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POL S 447 B: Advanced Seminar in Comparative Politics

Meeting Time: 
TTh 1:30pm - 3:20pm
Location: 
SMI 115
SLN: 
20882
Instructor:
Prof. Anthony Gill
Anthony Gill

Syllabus Description:

Topic: Anarchy, Anarchism, and Self-Governance.

The draft version of the course syllabus is forthcoming. Check the syllabus page regularly for changes.

PLEASE NOTE: Prof. Gill maintains very strict standards for course participation and meeting all deadlines for assignments. If you are unable to participate in class discussion on a regular basis, or if you have difficulty in meeting deadlines, this course may not be for you.

Anarchy?! Why would students in a political science department that focuses on government want to study “not government?” By golly, that’s a good question. The answer may be that human beings have more ways of coordinating their behavior than relying upon organizational entities that write legal codes and enforce those rules with coercive violence or the threat thereof. As such, understanding how people engage in governance without government may help us understand the origins, scope, and limits of “the state.” And while “anarchy” (i.e., governance sans government) may be seen as an alternative substitute to “the state,” it may also be the case that anarchic governance of communities coexists with states. And if you are a scholar who is interested in how governments work (or don’t), why various public policies seem to go astray, or why social conflict may erupt (or not), it would be wise to keep an eye on how subjects of a government actually govern their daily lives – it may not be because of government!

Please note: This is not a class about violent action or revolutionary movements. Rather, it is a class about how people have (and might be able to) govern themselves peacefully without resort to a coercive, centralized state. I repeat, this is not a class about violent action or revolutionary movements. 

This class will explore several topics and questions related to anarchy, anarchism, and self-governance, including:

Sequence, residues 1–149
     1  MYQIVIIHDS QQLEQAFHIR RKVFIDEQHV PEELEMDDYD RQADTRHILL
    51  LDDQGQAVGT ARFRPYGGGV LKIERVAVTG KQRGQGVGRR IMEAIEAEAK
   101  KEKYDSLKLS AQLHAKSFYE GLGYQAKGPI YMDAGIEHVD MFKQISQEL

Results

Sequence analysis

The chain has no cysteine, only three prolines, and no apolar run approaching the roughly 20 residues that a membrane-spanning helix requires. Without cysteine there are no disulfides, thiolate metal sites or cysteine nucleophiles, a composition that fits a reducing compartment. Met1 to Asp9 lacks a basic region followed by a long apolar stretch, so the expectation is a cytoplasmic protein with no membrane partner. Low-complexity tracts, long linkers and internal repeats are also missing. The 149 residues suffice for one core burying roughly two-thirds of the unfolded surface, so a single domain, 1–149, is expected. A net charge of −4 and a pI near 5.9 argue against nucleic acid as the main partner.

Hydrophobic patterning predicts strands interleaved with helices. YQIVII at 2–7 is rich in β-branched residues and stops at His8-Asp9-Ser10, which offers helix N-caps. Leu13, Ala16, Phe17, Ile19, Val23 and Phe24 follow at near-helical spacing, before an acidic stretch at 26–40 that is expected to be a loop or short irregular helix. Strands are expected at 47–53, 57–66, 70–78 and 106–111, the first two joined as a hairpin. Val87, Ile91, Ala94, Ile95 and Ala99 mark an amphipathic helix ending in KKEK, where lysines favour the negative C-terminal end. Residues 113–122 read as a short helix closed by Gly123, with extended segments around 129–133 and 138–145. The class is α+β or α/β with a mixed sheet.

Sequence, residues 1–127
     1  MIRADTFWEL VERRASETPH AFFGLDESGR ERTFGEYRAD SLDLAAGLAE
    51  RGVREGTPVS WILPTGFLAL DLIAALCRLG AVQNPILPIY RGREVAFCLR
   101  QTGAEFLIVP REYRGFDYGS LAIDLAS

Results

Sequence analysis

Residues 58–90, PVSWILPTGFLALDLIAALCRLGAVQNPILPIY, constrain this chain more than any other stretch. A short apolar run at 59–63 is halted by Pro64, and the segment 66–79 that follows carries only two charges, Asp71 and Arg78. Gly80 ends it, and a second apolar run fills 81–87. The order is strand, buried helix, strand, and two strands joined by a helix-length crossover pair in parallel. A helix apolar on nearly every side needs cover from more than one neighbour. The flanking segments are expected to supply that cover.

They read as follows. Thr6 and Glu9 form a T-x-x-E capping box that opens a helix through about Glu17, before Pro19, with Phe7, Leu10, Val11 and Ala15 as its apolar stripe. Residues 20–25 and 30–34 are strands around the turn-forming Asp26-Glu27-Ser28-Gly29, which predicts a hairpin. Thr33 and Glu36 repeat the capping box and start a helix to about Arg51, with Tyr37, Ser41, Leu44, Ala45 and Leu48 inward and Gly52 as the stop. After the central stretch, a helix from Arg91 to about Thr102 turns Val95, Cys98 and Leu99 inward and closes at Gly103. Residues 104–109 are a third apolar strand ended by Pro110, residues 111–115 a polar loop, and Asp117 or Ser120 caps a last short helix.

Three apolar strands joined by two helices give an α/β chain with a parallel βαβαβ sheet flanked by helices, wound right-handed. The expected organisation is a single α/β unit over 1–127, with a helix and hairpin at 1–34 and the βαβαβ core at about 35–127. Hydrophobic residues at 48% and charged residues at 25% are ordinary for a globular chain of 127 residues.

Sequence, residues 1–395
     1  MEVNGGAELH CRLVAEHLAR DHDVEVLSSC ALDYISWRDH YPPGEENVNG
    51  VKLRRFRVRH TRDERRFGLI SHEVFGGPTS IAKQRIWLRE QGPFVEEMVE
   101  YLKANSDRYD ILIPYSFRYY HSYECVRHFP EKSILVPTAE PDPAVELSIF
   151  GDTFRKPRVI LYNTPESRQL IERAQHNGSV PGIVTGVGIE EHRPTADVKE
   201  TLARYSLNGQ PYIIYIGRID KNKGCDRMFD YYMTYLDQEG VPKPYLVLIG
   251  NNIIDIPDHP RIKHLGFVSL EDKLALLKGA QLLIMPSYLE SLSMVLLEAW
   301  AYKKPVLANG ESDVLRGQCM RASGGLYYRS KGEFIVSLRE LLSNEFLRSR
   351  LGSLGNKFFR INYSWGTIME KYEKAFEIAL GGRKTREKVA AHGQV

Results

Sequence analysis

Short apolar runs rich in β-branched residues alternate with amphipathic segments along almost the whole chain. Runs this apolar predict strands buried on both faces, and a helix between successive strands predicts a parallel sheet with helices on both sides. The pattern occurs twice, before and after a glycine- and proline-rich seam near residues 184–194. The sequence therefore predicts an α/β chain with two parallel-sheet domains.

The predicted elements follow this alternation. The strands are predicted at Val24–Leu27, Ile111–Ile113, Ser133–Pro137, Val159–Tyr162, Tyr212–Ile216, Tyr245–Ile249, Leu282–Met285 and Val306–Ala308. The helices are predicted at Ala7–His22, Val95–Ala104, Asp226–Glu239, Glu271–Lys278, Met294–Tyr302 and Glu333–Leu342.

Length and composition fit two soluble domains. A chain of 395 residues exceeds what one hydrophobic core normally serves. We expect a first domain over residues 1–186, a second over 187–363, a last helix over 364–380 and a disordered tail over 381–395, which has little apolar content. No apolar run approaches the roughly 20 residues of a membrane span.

• What is governance versus government?
  • Under what conditions is anarchy (self-governance) possible?
  • Can (and does) anarchic self-governance exist side-by-side government? If so, how does that impact our understanding of what government can or cannot do effectively?
  • What cultural conditions are necessary to make self-governance effective?

We will examine these questions through both a theoretical lens and with empirical case studies, along with throwing in some self-reflection on how we run our own lives as individuals and within groups. Finally, it should be admitted that this course is pulled together because it is currently a topic interest of the professor. My longstanding interest in religion, along with a newfound interest in the political economy of culture, has led me to this point of inquiry because it seems interesting and fun. And shouldn’t that be what scholarship is about?

Although not required, it is strongly recommended that you have taken at least one course with Prof. Gill in the past, preferably POL S 270 (Intro to Pol Econ) or his class on religion and world politics.

Graded assignments are yet to be determined but are likely to include two 3,000 word essays, class participation, and weekly reading reflections.

The reading load will be heavy and dense. Books likely to be included are: 

Kropotkin, P. (Date unclear.) Mutual Aid: A Factor of Evolution

Leeson, P. 2014. Anarchy Unbound: Why Self-Governance Works Better than You Think. Cambridge U Press.

Taylor, M. 1982 Community, Anarchy, & Liberty. Cambridge University Press.

Stringham, P. 2015. Private Governance: Creating Order in Economic and Social Life. Oxford University Press.

Scott, J. 2012. Two Cheers for Anarchism. Princeton University Press.

There will also be several articles assigned. 

 

Catalog Description: 
Selected comparative political problems, political institutions, processes, and issues in comparative perspective. Strongly
Department Requirements: 
Comparative Politics Field
GE Requirements: 
Social Sciences (SSc)
Credits: 
5.0
Status: 
Active
Last updated: 
July 18, 2024 - 9:59pm
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